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Rubin Slithers

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November 29, 2008 – Comments (4)

Really, how much oversight can you expect from the poor guy. Why should he take any blame, or admit to any mistakes?

"Nobody was prepared for this," Mr. Rubin said in an interview. He cited former Federal Reserve Chairman Alan Greenspan as another example of someone whose reputation has been unfairly damaged by the crisis.

Mr. Rubin, senior counselor and a director at Citigroup, acknowledged that he was involved in a board decision to ramp up risk-taking in 2004 and 2005, even though he was warning publicly that investors were taking too much risk. He said if executives had executed the plan properly, the bank's losses would have been less.

Phew. It's all those other guys' faults. The plan was sound, just the execution...

Mr. Rubin said his pay was justified and that there were higher-paying opportunities available to him. "I bet there's not a single year where I couldn't have gone somewhere else and made more," he said. He turned down his bonus last year, telling the board the money could be better spent elsewhere.

Asked if he had any regrets, Mr. Rubin said: "I guess that I don't think of it quite that way," adding that "if you look back from now, there's an enormous amount that needs to be learned."

Mr. Rubin's effort to salvage his reputation comes just after Chief Executive Vikram Pandit appeared on PBS's Charlie Rose show. Mr. Pandit, too, blamed the overall financial crisis, not Citigroup, for the problems that led the government to decide to inject money into the bank for a second time this fall.

Unbelievable. These guys put the bank in a position to fail, and when it nearly does, they're completely blameless. "Hey, it's not our fault we didn't buy flood insurance. You can barely see the river from here, and look at all those other houses down the street."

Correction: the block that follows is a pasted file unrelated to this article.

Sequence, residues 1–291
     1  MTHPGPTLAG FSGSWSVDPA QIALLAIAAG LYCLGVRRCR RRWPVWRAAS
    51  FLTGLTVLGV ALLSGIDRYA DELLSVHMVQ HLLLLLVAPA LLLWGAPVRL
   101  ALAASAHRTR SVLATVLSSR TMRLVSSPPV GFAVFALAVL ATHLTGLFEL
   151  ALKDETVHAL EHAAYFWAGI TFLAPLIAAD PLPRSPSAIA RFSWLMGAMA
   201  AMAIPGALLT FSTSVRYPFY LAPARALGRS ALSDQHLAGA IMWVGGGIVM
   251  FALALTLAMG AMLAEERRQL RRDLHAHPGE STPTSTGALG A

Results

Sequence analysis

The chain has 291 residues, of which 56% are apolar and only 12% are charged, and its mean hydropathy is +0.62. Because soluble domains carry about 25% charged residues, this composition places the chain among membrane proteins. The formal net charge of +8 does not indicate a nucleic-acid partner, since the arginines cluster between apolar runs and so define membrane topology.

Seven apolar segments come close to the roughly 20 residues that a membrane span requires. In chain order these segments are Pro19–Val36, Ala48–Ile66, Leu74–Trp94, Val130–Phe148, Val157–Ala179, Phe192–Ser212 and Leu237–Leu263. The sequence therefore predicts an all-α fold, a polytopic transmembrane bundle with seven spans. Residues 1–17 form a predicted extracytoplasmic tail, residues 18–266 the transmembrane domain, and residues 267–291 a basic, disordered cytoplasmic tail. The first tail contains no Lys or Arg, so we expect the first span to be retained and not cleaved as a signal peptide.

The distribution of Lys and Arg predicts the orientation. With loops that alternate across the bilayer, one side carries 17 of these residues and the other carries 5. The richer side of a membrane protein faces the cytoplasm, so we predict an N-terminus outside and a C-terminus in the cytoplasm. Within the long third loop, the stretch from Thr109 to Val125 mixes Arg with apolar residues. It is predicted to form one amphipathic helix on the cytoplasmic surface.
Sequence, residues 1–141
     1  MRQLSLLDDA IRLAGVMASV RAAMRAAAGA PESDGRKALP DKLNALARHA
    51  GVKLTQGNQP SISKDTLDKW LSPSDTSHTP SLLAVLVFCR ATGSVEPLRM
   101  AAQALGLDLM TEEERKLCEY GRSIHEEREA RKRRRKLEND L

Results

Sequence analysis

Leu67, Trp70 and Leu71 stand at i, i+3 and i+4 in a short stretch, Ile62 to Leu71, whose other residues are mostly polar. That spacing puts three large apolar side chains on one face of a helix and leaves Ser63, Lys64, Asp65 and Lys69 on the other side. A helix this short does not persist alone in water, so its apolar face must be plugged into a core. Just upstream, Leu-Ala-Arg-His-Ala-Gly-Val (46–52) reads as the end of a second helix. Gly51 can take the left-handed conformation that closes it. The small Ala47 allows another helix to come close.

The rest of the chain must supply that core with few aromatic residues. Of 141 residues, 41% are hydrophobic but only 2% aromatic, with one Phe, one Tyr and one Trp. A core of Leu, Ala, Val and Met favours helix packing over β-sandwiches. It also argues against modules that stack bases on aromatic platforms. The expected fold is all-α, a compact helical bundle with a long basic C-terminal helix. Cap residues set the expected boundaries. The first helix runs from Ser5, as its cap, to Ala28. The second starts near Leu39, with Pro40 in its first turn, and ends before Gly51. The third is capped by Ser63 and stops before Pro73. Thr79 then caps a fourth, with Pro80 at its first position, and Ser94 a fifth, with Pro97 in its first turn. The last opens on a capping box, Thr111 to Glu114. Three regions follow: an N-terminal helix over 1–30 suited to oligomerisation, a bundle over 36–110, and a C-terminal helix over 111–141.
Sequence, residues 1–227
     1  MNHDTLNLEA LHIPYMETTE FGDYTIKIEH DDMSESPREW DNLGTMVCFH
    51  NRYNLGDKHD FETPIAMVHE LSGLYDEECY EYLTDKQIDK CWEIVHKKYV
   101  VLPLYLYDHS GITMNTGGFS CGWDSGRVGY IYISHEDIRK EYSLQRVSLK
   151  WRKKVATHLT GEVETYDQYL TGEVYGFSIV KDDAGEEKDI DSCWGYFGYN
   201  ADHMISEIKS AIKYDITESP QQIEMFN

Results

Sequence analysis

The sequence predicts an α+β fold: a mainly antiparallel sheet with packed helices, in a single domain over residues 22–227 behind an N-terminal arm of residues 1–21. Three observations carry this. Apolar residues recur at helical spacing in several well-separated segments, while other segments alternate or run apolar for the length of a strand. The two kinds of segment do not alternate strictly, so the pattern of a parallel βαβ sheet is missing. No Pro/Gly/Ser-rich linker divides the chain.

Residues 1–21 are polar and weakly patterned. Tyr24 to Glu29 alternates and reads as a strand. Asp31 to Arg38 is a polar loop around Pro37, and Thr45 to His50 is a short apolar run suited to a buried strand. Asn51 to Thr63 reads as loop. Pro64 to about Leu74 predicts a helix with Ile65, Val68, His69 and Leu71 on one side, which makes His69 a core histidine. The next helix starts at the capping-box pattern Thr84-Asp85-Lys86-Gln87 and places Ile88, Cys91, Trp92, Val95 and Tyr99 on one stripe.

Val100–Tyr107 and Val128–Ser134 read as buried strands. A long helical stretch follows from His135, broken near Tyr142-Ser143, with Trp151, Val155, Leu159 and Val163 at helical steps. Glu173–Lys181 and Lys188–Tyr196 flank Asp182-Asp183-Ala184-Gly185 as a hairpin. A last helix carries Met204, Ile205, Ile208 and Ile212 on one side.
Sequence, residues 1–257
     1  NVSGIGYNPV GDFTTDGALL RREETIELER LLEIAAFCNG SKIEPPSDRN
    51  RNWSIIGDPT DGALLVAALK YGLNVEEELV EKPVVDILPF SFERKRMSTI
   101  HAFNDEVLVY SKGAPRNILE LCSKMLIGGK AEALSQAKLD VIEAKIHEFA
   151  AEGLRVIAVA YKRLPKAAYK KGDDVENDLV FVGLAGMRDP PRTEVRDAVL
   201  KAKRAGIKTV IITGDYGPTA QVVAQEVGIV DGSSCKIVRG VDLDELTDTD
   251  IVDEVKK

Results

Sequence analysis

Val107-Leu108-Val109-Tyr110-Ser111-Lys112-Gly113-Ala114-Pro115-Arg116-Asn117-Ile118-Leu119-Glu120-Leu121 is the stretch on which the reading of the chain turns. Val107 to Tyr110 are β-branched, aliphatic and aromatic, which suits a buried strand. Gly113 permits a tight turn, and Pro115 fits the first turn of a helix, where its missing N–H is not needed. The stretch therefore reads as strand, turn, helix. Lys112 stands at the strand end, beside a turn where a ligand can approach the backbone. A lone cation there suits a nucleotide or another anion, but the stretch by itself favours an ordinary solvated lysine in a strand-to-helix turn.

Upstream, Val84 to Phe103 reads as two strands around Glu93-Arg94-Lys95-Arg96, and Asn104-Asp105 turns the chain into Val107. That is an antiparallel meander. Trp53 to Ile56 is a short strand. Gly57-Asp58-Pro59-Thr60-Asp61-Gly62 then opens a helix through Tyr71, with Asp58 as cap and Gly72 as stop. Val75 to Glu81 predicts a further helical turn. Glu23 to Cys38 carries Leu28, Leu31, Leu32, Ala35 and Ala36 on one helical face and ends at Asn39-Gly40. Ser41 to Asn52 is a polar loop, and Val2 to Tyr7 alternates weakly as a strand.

These two are a prime reason why Citi deserves to die. Too bad all those cozy political relationships that helped grease the way for its enormity now make it impossible to let the bloated whale be picked apart by those who like carrion.

Read all about it.

4 Comments – Post Your Own

#1) On November 29, 2008 at 4:26 PM, TMFBent (99.82) wrote:

Oh, and by the way, the stock is down because of those nasty short sellers.

The recent stock collapse "was a systemic problem of which Citi was a piece," said Mr. Rubin, who added that one cause was short sellers ganging up on the stock, selling borrowed shares in the hope of driving the share price down.

Moron, liar, or both? Who blames flies for crap? Banking execs, 2008.

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#2) On November 29, 2008 at 4:30 PM, jegr5347 (< 20) wrote:

It is incredible how the left wing media and all the Clinton lovers and CNBC analysts kiss the ground this guy walks in.

He is a crook just like all the other heads of Wall Street. Either that or he is an outright moron. Take your pick. He got the Chairmanship by allowing Citi to merge with Travelers with the concerted effort to dismantle Glass Steagall.

He was chairman of Citibank as it was pillaging and ravaging itself to insolvency while lining the pockets of all its executives.

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#3) On November 29, 2008 at 5:08 PM, DemonDoug (81.94) wrote:

I hope they forbid short-selling on C.  It will be guaranteed to go down in that case b/c short sellers are the only ones who end up buying the damn thing. :P

Rubin should do a perp-walk with Mozillo and many others IMO.

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#4) On November 29, 2008 at 5:10 PM, johnw106 (58.61) wrote:

I still wonder why they havent been charged with crimes against the state and endangering the public welfare. The stuff they have done and its result are a extreme hazard to the financial stabilty of the United States.

Can we say treason and military prison? Its what they deserve.

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